A new survey explores why college students pause their education and highlights several tactics that could help re-engage learners who have some credits but no degree.
Ideally, students would avoid colleges and universities that graduate few students on time, but the government’s use of a six-year “success” rate complicates those assessments.
Amarillo College, known for its comprehensive approach to meeting students’ basic needs, says a simple questionnaire has provided crucial visibility and helped increase its graduation and transfer rate.
The Moon Shot for Equity project seeks to close equity gaps in college completion by 2030 and recently welcomed two new regional cohorts committed to making improvements.
Nearly a month after Hurricane Ida made landfall in Louisiana, several universities are still getting back on their feet and attempting to re-engage students.
Persistent racial disparities in college degree completion pose a significant threat to state attainment goals and local economies, further fueling states’ outreach to underrepresented students.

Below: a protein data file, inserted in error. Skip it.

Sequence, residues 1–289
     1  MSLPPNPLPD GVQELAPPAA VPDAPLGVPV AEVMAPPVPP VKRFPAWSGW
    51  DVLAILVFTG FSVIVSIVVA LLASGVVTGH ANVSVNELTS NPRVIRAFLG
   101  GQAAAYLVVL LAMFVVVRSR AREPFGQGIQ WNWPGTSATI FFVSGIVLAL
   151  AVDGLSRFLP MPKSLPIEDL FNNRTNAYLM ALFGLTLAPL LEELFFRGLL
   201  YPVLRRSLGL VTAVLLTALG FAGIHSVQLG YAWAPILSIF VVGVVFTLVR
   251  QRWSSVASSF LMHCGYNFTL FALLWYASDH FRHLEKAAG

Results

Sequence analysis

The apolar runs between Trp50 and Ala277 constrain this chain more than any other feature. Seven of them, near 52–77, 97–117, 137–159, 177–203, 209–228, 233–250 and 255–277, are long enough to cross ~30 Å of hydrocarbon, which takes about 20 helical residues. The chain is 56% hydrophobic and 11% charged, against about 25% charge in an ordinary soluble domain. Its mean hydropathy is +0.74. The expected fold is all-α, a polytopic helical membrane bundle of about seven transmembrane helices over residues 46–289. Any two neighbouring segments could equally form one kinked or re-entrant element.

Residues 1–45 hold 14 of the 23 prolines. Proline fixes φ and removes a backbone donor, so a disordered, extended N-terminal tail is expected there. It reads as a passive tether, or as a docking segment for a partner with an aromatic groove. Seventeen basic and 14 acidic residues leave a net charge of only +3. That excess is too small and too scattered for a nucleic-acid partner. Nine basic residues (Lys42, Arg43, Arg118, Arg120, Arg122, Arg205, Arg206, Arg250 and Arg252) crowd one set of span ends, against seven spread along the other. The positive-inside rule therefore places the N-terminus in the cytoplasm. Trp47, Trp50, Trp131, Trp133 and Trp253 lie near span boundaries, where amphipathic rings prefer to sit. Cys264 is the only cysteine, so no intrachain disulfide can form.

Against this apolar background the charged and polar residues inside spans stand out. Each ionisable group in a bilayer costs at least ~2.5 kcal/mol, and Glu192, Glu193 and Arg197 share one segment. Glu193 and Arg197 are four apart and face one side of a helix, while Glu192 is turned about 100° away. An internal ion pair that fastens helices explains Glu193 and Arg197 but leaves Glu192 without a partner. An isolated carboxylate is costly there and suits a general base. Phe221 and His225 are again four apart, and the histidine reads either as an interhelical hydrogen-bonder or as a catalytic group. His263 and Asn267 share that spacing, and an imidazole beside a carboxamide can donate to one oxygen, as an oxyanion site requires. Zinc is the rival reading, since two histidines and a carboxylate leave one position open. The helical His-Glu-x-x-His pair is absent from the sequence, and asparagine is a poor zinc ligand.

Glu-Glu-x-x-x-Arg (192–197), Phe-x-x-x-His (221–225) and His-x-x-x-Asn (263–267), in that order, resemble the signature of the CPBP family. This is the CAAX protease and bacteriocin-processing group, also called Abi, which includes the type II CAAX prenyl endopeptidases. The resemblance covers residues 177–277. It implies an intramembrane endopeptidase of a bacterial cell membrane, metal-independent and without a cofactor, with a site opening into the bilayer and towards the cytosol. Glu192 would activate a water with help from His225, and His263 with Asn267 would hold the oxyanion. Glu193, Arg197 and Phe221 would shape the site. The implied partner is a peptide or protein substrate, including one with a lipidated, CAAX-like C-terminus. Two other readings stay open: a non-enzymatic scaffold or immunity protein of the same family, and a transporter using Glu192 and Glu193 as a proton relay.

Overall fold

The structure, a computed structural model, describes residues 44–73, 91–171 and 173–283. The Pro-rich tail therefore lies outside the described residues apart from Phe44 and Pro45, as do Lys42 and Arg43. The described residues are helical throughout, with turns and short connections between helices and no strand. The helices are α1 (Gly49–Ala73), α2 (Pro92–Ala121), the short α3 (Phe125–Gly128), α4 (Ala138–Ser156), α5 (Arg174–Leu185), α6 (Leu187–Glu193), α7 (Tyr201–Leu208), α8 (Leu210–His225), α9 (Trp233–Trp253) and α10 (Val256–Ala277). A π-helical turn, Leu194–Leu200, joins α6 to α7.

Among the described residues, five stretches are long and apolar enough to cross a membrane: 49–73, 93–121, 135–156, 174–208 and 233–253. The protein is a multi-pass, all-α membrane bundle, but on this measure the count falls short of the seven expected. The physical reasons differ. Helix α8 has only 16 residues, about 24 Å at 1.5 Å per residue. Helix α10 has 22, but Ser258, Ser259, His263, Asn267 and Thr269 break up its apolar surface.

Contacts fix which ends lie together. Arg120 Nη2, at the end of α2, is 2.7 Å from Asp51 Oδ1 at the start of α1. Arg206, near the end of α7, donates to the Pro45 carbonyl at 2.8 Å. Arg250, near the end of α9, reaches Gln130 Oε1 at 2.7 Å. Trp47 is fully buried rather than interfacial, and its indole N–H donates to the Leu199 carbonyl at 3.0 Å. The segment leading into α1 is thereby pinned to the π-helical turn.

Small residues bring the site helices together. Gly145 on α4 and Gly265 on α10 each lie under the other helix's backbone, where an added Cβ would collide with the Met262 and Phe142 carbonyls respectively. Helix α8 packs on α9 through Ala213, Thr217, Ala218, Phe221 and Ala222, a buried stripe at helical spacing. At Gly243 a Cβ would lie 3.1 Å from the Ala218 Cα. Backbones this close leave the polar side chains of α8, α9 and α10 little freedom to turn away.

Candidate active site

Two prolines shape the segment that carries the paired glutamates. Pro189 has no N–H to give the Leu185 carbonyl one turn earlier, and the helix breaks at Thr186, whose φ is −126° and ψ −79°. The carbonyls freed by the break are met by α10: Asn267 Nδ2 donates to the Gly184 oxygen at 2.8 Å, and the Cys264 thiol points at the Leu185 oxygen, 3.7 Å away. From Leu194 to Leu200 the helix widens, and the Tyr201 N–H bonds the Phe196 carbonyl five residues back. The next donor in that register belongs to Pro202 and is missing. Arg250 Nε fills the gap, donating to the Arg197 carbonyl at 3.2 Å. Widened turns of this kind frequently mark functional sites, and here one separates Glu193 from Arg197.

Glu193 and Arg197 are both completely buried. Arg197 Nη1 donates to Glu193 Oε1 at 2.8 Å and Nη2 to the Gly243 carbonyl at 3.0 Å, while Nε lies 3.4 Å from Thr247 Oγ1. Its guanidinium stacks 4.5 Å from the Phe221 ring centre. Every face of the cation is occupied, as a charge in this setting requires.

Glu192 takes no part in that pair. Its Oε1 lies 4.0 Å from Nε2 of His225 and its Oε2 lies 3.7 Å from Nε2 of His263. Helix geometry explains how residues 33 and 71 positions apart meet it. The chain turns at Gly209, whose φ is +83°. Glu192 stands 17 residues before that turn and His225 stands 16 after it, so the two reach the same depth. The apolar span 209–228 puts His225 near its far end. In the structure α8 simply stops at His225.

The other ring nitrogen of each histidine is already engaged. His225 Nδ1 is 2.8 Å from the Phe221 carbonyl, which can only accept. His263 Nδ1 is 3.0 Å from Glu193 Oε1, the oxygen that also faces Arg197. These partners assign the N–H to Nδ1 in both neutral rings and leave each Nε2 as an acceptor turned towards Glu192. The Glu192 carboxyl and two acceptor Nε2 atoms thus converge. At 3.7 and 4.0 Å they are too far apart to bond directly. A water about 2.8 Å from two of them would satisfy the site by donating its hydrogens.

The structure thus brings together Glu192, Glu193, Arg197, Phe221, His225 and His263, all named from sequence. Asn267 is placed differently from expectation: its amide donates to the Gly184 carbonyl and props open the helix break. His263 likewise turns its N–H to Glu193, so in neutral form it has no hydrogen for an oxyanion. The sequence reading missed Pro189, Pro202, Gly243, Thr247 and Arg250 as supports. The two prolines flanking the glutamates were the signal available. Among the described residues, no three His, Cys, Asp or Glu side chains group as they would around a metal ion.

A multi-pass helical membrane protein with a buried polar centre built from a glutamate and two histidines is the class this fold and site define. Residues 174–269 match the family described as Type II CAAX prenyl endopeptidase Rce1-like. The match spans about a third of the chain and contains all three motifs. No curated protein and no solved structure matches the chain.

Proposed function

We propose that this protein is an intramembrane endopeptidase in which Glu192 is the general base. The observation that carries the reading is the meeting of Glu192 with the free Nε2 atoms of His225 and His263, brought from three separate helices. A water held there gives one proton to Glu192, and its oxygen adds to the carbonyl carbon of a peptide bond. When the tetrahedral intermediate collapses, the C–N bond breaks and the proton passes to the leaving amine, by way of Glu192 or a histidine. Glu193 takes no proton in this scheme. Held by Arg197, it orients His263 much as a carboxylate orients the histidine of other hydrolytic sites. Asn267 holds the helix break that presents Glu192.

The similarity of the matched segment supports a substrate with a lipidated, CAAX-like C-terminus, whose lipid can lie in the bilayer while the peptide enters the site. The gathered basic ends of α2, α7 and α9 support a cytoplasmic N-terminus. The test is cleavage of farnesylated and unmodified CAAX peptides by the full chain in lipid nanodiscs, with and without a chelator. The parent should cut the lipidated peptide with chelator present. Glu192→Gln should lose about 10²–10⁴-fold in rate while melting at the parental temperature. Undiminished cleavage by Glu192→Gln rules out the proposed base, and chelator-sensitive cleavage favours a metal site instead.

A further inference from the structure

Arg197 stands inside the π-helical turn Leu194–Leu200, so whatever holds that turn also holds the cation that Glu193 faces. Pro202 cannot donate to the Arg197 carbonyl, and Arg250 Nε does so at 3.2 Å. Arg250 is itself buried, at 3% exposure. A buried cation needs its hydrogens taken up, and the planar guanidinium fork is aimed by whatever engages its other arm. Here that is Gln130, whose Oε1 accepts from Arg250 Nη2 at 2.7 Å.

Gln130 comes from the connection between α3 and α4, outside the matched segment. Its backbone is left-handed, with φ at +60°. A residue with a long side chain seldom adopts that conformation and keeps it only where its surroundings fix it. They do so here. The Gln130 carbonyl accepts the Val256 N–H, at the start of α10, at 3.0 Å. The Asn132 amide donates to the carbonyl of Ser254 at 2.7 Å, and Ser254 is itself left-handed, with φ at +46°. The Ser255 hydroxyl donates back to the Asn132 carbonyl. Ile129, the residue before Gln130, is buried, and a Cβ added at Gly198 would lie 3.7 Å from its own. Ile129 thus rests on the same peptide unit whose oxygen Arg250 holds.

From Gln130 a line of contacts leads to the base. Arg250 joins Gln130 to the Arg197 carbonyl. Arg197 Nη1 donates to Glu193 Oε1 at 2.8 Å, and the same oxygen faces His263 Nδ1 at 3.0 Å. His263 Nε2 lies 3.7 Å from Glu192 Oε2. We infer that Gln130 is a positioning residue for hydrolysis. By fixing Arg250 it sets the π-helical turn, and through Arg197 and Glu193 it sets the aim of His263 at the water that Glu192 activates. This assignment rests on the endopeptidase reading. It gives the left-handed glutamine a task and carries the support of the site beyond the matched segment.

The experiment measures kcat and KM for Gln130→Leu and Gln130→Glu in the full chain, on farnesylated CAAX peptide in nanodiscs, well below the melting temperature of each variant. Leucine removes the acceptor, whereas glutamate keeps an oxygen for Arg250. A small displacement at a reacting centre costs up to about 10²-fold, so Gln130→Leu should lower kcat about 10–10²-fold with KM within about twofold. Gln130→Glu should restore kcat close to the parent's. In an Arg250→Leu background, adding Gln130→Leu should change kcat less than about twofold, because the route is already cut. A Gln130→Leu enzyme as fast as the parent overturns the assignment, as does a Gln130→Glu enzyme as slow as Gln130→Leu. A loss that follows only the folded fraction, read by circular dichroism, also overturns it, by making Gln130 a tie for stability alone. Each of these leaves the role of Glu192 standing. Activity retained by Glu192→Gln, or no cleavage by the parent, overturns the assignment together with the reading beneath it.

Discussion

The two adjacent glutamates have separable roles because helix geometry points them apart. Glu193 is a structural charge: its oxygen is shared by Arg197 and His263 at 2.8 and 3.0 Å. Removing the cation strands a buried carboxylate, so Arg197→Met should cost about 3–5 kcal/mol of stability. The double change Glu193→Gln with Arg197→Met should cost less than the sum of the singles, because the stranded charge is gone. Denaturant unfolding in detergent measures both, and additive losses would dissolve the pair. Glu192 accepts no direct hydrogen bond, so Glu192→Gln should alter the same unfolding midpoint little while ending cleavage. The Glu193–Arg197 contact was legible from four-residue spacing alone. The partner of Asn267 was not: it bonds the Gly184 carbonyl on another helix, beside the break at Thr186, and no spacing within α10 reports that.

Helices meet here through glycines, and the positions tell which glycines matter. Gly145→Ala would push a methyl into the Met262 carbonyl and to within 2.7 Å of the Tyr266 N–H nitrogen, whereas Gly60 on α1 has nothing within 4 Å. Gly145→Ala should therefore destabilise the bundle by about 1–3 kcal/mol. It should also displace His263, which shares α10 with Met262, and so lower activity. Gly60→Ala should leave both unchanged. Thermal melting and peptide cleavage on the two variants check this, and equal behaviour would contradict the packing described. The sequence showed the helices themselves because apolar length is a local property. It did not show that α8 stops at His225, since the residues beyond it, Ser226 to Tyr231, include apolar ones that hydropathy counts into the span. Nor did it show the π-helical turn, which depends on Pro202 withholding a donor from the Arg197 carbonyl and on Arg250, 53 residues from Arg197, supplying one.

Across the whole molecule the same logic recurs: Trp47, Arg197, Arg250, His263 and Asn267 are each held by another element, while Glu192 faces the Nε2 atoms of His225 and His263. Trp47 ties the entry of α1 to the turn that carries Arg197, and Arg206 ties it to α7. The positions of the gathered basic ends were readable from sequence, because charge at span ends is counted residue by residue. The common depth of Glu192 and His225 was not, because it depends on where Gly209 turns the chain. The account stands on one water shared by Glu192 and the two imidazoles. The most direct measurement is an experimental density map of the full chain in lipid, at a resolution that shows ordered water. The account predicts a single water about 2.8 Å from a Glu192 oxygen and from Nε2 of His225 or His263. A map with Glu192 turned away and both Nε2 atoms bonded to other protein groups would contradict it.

As charter school networks mature, some are tracking and advising their graduates well beyond high school, hoping to increase college completion.
Prioritizing flexibility and affordability, a new online undergraduate program from Morehouse College seeks to broaden higher education access for the millions of Black men who have some college credit but no degree.
The highly regarded Accelerated Student in Associate Programs (ASAP) initiative developed by City University of New York led to similarly strong results at three Ohio community colleges. So, why have two already canceled it?
Ithaka S&R writes that, to improve transfer rates and degree completion, colleges must adopt common course numbering and articulate academic roadmaps that prevent lost credits.
A new report looks at the 36 million Americans with some college credit but no degree, finding that 10 percent have strong potential to eventually earn a credential.
More than 1,400 colleges and universities are using predictive analytics systems to identify, support, and sometimes redirect students at risk of failing in their intended major, but critics caution that the technology could have unintended consequences.